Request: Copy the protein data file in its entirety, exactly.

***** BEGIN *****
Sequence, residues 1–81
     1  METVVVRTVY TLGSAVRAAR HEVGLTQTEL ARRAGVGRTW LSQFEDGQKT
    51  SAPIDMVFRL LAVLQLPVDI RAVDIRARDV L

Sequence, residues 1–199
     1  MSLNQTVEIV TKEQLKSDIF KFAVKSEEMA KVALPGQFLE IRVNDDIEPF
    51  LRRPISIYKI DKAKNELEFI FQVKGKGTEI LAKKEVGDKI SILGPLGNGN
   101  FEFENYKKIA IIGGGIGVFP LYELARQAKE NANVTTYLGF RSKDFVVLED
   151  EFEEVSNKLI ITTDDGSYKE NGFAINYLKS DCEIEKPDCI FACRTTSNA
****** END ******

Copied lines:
Sequence, residues 1–81
     1  METVVVRTVY TLGSAVRAAR HEVGLTQTEL ARRAGVGRTW LSQFEDGQKT
    51  SAPIDMVFRL LAVLQLPVDI RAVDIRARDV L

Sequence, residues 1–199
     1  MSLNQTVEIV TKEQLKSDIF KFAVKSEEMA KVALPGQFLE IRVNDDIEPF
    51  LRRPISIYKI DKAKNELEFI FQVKGKGTEI LAKKEVGDKI SILGPLGNGN
   101  FEFENYKKIA IIGGGIGVFP LYELARQAKE NANVTTYLGF RSKDFVVLED
   151  EFEEVSNKLI ITTDDGSYKE NGFAINYLKS DCEIEKPDCI FACRTTSNA